Brian “Joe” Biddle
History of the Fed:
The Federal Reserve Bank serves as the United States of America’s central bank. From the beginning of the nation, the need for management of the country’s money supply, assistance in the fiscal operations of the federal government and stabilization of the nation’s credit was recognized.
Laws that created the Fed:
As an attempt to achieve these need and others, several attempts at creating centralized banking have been tried and all have failed save for the Federal Reserve System. Some of these failed attempts at creating structured central banking were the First and Second Banks of the United States, the Independent Treasury, the National Banking System, clearinghouse associations, and the National Reserve Association. These previous systems failed for many different reasons, lack of support, lack of financing, poor organization and economic events were at the root cause of their demise. It wasn’t until December 1913, with Woodrow Wilson’s signing of the Federal Reserve act, that the FRS became the official central bank of the United States of America.
Immediate problems with the Fed:
Almost immediately after the formation of the Federal Reserve System, its strength and design was being tested. The Fed’s first test was financing the war effort in Europe. This financial demand was a strong test of the FED’s ability to aid the federal government in fiscal issues. Another early problem addressed by the FRS was the need for monitoring the money supply. The FED accomplished this with OMOs, or Open Market Operations. Starting in the 1920s, the Fed used OMOs to be able to buy and sell government issued bonds on the open market. This buying and selling of bonds altered the interest rates and the supply of money in the nation’s economy, allowing the FED to put the economy in a favorable state. The greatest of the early issues for the Federal Reserve System was jump starting the economy after the Great Depression. This act took the Fed over a decade to return the economy back from its crippled state. Despite all of the above early challenges and others later in U.S. history, the nation still functions under the Federal Reserve System almost one hundred years later.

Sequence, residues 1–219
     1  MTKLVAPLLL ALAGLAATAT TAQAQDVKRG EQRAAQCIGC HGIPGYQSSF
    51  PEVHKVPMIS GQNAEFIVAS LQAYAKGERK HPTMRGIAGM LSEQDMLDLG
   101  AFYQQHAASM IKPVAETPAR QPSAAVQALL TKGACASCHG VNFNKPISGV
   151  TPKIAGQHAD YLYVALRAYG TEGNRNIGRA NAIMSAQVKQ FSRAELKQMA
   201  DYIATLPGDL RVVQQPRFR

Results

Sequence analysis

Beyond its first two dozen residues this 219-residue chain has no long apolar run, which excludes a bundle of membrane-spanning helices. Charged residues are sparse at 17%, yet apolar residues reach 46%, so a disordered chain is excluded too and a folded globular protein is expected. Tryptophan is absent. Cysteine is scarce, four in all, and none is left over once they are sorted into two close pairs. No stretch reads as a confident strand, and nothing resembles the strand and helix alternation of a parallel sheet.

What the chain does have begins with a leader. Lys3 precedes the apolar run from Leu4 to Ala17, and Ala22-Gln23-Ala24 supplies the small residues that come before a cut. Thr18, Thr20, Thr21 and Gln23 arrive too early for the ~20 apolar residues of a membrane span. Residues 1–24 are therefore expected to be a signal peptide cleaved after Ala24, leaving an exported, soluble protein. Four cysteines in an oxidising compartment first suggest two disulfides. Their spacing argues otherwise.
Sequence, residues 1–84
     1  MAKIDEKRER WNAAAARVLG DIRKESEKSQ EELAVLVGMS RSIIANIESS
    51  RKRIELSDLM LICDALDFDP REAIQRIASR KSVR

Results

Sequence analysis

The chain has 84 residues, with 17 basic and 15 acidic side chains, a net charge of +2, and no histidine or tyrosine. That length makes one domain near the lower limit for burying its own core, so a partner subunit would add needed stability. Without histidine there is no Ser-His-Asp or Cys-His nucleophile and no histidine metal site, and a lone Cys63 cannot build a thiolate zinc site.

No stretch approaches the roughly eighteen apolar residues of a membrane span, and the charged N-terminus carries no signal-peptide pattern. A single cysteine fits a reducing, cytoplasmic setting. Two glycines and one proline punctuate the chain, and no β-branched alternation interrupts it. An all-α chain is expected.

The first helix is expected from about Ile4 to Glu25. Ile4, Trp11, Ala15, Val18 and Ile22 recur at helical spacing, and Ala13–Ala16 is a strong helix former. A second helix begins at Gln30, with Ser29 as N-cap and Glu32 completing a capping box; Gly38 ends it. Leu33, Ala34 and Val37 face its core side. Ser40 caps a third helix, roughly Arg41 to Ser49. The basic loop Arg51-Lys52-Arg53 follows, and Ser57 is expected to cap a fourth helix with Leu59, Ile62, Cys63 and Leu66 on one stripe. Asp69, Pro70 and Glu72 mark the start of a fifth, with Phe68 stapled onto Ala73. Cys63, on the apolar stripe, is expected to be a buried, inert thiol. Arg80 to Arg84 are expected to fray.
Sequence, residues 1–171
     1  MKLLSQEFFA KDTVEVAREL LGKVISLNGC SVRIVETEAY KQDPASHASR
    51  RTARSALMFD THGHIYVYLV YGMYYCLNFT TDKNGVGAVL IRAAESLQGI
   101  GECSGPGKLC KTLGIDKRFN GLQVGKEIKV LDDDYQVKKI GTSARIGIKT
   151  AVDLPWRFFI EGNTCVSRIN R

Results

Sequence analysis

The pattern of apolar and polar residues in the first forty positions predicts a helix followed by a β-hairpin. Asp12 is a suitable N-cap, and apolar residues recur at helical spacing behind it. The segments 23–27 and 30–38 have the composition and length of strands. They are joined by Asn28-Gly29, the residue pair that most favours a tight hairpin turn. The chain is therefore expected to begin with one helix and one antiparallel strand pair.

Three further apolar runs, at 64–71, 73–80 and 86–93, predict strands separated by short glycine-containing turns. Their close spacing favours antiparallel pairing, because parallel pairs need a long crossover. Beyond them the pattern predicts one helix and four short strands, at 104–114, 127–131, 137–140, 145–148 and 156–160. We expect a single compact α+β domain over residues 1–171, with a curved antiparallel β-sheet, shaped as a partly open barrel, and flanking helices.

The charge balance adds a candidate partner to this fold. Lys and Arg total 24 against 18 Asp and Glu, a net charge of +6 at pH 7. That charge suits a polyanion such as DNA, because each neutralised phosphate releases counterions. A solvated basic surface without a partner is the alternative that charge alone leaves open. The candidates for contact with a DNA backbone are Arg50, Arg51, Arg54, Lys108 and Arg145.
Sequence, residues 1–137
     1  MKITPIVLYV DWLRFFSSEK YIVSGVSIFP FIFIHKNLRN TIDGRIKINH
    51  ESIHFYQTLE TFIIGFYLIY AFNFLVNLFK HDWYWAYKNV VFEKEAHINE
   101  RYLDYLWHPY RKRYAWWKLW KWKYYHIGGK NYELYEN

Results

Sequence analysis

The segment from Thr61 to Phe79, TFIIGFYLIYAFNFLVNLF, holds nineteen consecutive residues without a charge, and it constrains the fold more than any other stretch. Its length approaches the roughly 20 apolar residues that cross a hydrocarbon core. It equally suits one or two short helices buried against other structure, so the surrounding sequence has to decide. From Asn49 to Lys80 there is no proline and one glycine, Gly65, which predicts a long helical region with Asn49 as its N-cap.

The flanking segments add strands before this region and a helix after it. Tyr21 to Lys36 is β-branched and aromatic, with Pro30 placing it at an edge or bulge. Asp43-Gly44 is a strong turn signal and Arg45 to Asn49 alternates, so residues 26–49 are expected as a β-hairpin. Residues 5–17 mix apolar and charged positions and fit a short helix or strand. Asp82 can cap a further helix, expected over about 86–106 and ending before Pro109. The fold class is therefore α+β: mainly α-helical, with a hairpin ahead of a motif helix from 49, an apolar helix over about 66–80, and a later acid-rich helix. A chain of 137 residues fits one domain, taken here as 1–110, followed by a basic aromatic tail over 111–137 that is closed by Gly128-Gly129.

The structure of the Fed:
The structure of the FRS is a pyramid styled organization. The top of this organization is the chairman. The chairman serves as head of the Board of Governors. This board is made up of seven President approved and Congress confirmed governors. Within the Board of Governors lies the Federal Open Market Committee (FOMC). The responsibilities of the FOMC include the controlling and making of monetary policy decisions for the United States.
Below the Board of Governors are the Federal Reserve Banks. There are twelve of these banks and they represent various regions of the U.S. Federal Reserve Banks are often referred to as the “banker’s banks” due to their serving as the bankers for commercial banks. The Federal Reserve Banks serve as the nation’s actual bank, making payments, storing coin etc. whereas the Board of Governors make policies and economic decisions.
Under the Federal Reserve Banks, lie the commercial banks then the public. These commercial banks or member banks are the equivalent of the stockholders for the Reserve Banks. The public supply their money to the commercial banks that makes them indirectly a part of the Federal Reserve System.
Fed as an entity:
The question arises on whether or not the Federal Reserve System is public or private? In reality it’s neither but has elements of both. The president appointing top officials and the FED giving profits to the U.S. Treasury give the FRS public elements. Being made up of thousands of private banks would make one believe the FED is a private entity. Self funding and the lack of outside control of policy making...